An Interview With Ankit Dhadda, Founder of GyanCentral

Republished from A First Taste of Law archives.

After a long time, I decided to take an interview. Let me introduce Ankit Dhadda, the founder of GyanCentral which has started to become a common destination for many law students and law aspirants. GyanCentral also caters to engineering students and covers news with respect to law schools, IITs, and other engineering colleges. Ankit has ambitious plans with respect to GyanCentral (GC). He regularly interacts with law students and aspirants – so I quizzed him a bit on that. Let me know what you guys think of this interview.

Let’s talk to Ankit.

Q. Please tell me a bit about yourself. Where are you from and what did you study? Did you work anywhere before starting Gyancentral?

Being born and brought up in Mumbai, I had a lot of career options to choose from. I was always interested in technology and advertising. After doing my bachelor’s in management, I followed the routine path of pursuing an MBA degree. Fortunately for me I did not indulge in academic learning and concentrated on traveling to different cities and participating in various competitions. After passing out of NMIMS, I worked in a seed/angel investment company as an entrepreneur in residence and thus GyanCentral was born.

Q. How did you decide to become an entrepreneur? How did you think of starting GC?

I was on the investment side of the business when I saw a huge opportunity in education information and products and hence decided to take the plunge. Investing in startups gave me a perspective of how to go about starting a company but my non-technical background was a big handicap. In the past year, I have focused on learning the technology (though I still can’t code) and that has helped me leaps and bounds in providing better value to users.

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Q. If you ok to disclose, what are your future plans for law students as far as GC is concerned? What is the gap you are trying to address?

The gap that we seek to address is available as information and tools for law students and aspirants. We focus a lot on editorial content and stories. We were the first ones to address the issue of CLAT 2012 paper concerns for students by interviewing the convener and called for collective action. We also covered every law entrance exam in detail.
Apart from content, we have also developed an online platform for students to give free online tests called TestCentral. The purpose is to help students who do not go for coaching classes and augment practice for those who have the luxury of training institutes.
We are also developing video tutorials for law aspirants and students and have a CLAT mentorship program underway for students on the forums.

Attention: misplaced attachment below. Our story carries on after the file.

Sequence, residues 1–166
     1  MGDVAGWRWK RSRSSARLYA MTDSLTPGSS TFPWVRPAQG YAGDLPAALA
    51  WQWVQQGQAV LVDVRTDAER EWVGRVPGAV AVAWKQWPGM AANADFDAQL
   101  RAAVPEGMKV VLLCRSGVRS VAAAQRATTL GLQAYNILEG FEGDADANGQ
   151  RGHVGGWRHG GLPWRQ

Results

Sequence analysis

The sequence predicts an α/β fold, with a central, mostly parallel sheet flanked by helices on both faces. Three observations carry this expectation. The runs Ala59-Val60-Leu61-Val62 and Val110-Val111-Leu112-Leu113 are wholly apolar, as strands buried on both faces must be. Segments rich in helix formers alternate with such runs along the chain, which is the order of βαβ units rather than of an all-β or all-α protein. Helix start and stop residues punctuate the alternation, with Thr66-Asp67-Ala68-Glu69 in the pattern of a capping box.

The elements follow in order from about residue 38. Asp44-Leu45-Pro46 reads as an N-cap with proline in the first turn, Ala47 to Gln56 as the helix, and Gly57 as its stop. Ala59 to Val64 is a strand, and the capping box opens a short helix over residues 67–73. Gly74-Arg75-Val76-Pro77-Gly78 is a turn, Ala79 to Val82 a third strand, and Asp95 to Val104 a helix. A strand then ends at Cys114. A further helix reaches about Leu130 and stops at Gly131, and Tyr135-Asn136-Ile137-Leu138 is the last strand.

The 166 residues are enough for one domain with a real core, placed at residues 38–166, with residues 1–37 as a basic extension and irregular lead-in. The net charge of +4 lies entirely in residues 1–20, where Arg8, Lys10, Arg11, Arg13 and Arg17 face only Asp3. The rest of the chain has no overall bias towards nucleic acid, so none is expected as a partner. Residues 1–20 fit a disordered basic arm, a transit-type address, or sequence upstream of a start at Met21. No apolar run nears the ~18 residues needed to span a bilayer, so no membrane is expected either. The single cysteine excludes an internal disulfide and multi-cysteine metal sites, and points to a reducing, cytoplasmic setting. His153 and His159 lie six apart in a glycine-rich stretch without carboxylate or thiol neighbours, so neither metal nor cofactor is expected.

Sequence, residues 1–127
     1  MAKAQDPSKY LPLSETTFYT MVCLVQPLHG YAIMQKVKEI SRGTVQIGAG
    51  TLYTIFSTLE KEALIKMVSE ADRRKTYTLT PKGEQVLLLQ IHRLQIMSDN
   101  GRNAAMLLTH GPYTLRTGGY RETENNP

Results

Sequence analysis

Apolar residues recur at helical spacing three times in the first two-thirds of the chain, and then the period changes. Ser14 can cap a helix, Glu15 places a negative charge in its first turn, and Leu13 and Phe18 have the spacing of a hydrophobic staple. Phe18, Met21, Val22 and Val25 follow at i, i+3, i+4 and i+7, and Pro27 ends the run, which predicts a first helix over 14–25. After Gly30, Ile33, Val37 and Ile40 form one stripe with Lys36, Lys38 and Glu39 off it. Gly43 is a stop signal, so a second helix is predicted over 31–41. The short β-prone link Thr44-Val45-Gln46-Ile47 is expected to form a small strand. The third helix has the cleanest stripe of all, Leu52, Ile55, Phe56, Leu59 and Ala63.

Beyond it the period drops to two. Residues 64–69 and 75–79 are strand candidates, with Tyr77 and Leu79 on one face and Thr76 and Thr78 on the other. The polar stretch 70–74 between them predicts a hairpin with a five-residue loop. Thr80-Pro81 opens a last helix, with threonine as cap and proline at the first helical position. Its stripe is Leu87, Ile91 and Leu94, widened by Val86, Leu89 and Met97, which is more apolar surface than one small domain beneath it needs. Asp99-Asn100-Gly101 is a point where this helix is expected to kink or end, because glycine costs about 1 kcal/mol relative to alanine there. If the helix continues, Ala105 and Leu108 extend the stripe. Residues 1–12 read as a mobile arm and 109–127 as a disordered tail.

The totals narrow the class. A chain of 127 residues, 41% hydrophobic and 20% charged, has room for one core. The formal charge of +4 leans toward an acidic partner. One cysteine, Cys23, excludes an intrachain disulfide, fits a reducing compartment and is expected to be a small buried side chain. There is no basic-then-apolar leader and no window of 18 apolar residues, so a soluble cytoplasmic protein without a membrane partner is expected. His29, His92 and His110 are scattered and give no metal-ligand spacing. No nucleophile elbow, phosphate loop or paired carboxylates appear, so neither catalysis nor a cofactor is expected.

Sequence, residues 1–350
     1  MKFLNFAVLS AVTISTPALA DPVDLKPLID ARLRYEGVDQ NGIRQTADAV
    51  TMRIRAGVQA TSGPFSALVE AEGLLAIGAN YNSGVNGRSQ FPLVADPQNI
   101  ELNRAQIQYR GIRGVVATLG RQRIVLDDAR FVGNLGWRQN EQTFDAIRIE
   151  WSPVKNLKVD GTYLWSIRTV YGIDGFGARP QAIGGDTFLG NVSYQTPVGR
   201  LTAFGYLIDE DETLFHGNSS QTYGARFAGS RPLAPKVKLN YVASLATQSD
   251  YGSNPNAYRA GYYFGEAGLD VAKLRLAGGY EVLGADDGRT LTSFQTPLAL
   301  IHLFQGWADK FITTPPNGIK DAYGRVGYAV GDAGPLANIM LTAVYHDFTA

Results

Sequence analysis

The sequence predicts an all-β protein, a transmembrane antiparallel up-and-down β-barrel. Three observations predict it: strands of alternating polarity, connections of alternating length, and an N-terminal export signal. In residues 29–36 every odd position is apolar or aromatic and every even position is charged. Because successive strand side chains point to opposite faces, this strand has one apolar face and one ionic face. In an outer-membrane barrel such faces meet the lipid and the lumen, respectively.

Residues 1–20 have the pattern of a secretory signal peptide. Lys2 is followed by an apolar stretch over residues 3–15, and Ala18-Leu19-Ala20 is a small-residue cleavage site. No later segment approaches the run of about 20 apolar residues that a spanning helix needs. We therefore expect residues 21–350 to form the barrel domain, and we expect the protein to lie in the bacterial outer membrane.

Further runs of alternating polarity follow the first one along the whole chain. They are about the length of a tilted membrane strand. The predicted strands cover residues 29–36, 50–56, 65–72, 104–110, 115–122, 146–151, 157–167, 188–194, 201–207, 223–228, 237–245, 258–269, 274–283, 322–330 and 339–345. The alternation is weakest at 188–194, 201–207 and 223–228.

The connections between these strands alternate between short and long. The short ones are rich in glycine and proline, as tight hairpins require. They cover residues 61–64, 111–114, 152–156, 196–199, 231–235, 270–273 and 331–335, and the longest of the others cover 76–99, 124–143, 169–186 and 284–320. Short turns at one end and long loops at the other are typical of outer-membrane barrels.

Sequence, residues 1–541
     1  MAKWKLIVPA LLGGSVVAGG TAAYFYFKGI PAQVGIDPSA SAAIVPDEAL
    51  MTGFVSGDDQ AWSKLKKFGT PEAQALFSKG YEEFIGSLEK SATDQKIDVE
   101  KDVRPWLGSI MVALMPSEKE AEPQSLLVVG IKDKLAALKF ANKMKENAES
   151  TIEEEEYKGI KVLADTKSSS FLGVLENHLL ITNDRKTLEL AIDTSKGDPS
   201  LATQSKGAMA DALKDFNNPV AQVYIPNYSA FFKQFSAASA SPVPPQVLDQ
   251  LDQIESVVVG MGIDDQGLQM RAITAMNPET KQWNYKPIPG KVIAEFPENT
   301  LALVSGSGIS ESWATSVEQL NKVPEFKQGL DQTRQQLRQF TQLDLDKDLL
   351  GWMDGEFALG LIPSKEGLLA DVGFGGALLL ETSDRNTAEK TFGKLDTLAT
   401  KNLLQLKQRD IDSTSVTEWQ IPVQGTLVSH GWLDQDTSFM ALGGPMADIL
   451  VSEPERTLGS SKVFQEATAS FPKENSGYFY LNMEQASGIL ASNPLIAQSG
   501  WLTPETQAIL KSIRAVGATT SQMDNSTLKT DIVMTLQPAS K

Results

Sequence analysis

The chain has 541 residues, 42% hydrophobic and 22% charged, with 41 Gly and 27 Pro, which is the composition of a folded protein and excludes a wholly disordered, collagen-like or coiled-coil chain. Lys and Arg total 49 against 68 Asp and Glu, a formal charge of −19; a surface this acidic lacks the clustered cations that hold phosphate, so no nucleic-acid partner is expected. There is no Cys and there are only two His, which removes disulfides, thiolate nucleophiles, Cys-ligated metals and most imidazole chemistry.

Our aim is to serve students.

Q. Will you ever hire law students for working with Gyancentral? How do you think they can help Gyancentral’s initiative if they want to contribute?

We started just a year ago, hence we have not actively hired law, students. However, in the coming months we are looking to hire law students and interns. We want law students who are passionate about legal education in India and want to contribute towards improving it. The ways in which a law student can associate with GyanCentral are:
1. Work on creating a community which ensures that information is available to law students and aspirants. Create a community which can serve their needs.
2. Work on our existing products like TestCentraland gives an awesome experience to law students.
3. Work on new initiatives like creating digital content for law students or simplifying law school rankings for aspirants.
Any law student interested can get in touch with Ankit – [email protected]

Q. Do you hire law, interns?

We have hired interns from the IITs but not from law schools yet. But we do plan to in the coming academic year.

Q. How did you deal with legal issues for your company?

We were fortunate in that aspect. Our investors have a strong legal team comprising of lawyers and company secretaries who helped in company formation. As far as web copyrights, etc. was involved, it was a gradual learning process.
Currently, we are rolling out ESOPs for employees and have taken external and internal help for it.

Q. Do you think law students should start blogging? How can they start writing and what can they write on in your opinion?

I am quite surprised that very few law students are on twitter or are actively blogging, and they have a plethora of topics that they can write on. I believe they can do three steps – first, get off Facebook because that’s where I find majority of the national law school students; Second, stop complaining that they have a tight schedule because everyone does and third, start writing – religiously one blog spot every day on any topic which interests them. Using platforms like blogger or WordPress should not be a technology related challenge.

Q. How do non-lawyers perceive lawyers these days? Has there been any change in recent times?

For the layman, a lawyer is still Sunny Deol shouting over the top of his lungs in Damini. In reality, however, lawyers today don’t have litigation as the only alternative and have a host of career options (legal journalism, copyright expert, legal advisor in corporate sector, etc.) to choose from. However, a lot of old school people do believe that lawyers are only interested in consulting jobs that pay a lot and have no interest in acquiring practical knowledge. I believe that law is a profession which is still maturing in India and will get more lucrative in the coming years.


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